When we last tuned in, it was the day of the public opening and the Walker’s website was down. We join our hero on his way to physically check the troublesome server:
Arriving at Onvoy, the server appeared to be trying to reboot and just needed a keypress. After that it came up cleanly – the drive is journaled via ext3, so it didn’t even have to check the disk. Problem solved? At the time I didn’t know for sure what had caused the original issue – and I’d deleted most of the /var/log/messages (the main system log) that I’d need to diagnose it. (Why? Bad instincts, I guess: The initial assessment showed the /var partition was full – which is enough to hose a system – so I copied most of what I thought I’d need and then emptied the file).
So I was left with a working server (yes!!) but no solid idea about what had caused the drive I/O errors — the portion of the log file I’d retained only showed the symptoms, not the onset error. I decided the best I could do immediately was to just let it run and watch the logs – and figure out how to restore from our backups.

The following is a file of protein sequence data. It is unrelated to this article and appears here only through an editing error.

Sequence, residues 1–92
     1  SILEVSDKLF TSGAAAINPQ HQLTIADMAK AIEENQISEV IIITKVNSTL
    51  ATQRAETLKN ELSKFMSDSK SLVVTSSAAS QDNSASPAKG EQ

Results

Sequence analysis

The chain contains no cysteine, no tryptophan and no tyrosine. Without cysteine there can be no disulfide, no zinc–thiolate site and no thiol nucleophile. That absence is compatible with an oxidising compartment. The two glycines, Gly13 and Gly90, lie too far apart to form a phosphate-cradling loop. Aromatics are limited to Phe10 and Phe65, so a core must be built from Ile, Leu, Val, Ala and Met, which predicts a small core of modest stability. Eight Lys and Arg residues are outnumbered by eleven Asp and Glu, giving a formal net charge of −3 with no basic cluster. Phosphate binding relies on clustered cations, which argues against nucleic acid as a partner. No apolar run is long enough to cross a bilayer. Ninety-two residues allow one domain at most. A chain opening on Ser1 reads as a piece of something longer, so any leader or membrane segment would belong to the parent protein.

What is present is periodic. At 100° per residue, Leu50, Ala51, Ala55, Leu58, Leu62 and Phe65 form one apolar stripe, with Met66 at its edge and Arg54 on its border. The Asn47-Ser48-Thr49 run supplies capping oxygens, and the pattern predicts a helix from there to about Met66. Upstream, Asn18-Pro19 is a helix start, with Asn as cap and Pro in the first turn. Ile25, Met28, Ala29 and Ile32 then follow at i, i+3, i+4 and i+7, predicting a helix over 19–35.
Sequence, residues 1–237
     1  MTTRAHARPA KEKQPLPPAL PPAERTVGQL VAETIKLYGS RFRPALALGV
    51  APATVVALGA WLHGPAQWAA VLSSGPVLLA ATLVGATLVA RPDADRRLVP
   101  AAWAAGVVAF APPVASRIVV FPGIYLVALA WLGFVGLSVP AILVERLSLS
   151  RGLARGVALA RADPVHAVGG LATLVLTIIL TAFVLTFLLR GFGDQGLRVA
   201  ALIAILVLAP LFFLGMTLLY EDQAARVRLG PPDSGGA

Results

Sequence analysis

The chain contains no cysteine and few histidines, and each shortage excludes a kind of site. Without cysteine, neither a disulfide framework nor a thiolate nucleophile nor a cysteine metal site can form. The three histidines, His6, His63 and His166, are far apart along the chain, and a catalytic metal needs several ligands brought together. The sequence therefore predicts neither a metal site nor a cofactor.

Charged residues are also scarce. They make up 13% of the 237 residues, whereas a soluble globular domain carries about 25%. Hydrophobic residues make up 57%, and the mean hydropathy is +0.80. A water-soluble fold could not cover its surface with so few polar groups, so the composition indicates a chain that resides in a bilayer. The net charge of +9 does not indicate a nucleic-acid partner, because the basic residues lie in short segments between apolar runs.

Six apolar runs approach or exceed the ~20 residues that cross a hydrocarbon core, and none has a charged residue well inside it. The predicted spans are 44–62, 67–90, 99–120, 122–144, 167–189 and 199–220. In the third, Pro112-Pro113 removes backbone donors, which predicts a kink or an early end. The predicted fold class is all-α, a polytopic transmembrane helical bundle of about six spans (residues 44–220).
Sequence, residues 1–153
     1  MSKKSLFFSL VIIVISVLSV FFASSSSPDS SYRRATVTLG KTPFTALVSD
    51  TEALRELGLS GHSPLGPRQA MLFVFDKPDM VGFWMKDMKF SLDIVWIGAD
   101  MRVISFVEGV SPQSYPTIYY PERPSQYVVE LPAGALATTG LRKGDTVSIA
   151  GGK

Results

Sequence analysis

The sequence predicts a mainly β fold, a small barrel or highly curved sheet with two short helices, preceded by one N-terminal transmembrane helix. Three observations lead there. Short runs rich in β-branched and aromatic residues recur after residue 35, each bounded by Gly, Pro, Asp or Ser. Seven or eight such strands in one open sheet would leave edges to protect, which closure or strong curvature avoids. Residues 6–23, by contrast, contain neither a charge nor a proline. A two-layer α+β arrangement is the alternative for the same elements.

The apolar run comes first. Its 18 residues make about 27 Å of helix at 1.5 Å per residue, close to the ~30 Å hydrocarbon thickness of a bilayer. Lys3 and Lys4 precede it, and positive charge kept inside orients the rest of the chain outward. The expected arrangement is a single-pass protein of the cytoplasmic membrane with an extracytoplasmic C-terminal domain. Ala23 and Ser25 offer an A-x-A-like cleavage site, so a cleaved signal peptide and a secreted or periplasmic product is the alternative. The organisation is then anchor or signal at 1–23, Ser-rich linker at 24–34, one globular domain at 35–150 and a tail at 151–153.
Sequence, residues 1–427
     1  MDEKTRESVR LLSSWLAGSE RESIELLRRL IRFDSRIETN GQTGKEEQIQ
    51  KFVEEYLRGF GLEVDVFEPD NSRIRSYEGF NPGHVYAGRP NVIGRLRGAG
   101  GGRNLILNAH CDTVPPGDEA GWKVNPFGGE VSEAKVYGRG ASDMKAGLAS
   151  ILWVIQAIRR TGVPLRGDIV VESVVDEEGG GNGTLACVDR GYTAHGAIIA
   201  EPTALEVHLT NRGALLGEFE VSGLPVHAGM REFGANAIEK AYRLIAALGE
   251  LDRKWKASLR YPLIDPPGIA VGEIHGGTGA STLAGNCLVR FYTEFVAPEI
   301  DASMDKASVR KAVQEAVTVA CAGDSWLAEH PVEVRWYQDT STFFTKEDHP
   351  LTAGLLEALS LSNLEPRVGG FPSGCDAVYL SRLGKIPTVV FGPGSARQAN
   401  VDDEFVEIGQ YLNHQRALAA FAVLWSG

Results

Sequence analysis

The restore procedure turned out to be very straightforward, and I immediately took steps to build a set of worst-case scenario disaster recovery CDs. (these included base OS installs for all our production servers and a CD containing a fresh install of the recovery utility and master boot record images of the servers)
But watching the logs proved uneventful – even when the server crashed again early Wednesday and the next Sunday morning. (ahhhhhh!) It seemed whatever was happening essentially took the drive completely offline, and hung the entire operating system while it waited for the drive to come back — so the logs stopped being written. No permanent data to diagnose the problem. Also, the machine would not succesfully reboot until it was power cycled – a soft reboot did not work. (what??!)
If I could catch the server as or just after it crashed, I could physically get to it before it locked up completely and check the logs and dmesg output. Maybe that would give me enough information to solve the crashing server. So it was a game of waiting and researching the few clues I had gathered…